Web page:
In live performances, the String Orchestra of Brooklyn has promoted contemporary music but also sought to "democratize" the concertgoing experience, in part by playing familiar music. On Afterimage, the orchestra's debut release, the group takes a simple, innovative approach to the problem: it includes two historical works, the Caprice No. 6 for solo violin in G minor ("The Trill") of Paganini, and the first movement of the Stabat Mater of Pergolesi, preceded by contemporary treatments of these works. The term "remix" isn't included in the graphics, but it may be relevant. For Stabat Mater Dolorosa, composer Jacob Cooper's take on the Pergolesi, one may more readily think of Notre Dame organum, with its vastly stretched-out choral structures based on segments on Gregorian chant. Cooper takes seven minutes to even get to the beginning of the text, and early minimalist textures are in evidence, but a link in mood with the Pergolesi persists, and putting the new works ahead of their models, which at first seems annoying, works at a basic musical level. The same is true of Christopher Cerrone's High Windows, which deconstructs the Paganini Caprice. The String Orchestra of Brooklyn, an all-volunteer group, holds up under the considerable pressure of the 27-minute Cooper work, and in general, this is an appealing example of the work of new composers who are trying to forge connections with historical classical repertory.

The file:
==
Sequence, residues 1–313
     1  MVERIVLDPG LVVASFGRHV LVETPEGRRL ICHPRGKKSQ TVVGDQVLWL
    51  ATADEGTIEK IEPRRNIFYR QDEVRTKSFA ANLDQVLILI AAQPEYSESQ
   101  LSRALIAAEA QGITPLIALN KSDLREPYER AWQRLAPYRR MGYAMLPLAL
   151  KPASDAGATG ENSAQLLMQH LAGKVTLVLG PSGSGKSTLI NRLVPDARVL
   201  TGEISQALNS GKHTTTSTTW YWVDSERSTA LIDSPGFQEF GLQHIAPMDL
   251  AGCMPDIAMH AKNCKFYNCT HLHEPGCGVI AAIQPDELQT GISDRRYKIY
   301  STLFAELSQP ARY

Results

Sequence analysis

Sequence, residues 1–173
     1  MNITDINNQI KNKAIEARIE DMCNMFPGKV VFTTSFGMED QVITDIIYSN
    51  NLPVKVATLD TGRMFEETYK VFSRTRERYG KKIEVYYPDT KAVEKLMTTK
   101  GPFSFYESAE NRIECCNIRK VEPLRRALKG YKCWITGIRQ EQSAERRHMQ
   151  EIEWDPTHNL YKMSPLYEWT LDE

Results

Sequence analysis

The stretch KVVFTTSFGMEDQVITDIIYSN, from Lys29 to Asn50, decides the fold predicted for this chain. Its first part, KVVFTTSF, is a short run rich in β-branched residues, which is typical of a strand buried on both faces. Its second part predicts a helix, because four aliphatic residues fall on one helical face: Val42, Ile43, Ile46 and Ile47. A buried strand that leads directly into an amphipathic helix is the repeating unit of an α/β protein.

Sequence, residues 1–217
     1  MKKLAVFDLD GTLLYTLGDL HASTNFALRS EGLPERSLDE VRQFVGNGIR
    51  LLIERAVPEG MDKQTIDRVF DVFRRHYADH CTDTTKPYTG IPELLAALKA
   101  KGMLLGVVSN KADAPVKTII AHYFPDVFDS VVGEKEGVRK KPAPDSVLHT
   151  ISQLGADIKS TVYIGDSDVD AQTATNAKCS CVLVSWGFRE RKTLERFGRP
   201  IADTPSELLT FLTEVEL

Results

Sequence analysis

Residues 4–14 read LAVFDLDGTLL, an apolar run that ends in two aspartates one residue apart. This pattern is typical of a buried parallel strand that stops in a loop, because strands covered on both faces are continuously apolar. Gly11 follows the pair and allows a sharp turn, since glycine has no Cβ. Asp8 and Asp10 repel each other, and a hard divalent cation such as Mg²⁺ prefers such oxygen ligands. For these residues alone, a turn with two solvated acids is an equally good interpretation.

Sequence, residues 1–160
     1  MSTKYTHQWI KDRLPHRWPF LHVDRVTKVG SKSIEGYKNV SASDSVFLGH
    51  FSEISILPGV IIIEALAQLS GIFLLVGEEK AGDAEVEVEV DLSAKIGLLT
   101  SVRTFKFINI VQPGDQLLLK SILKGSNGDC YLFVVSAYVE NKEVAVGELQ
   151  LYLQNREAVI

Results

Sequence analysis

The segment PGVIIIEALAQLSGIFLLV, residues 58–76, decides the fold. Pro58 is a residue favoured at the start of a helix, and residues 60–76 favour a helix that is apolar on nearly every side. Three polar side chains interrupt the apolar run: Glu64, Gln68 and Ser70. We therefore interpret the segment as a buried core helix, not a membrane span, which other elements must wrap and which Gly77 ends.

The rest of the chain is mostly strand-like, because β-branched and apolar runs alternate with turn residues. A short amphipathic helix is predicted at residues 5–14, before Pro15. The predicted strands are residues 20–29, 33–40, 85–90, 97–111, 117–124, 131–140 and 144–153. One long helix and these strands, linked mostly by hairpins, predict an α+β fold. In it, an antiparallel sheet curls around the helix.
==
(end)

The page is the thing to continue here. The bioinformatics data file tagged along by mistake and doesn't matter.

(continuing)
AllMusic Review by James Manheim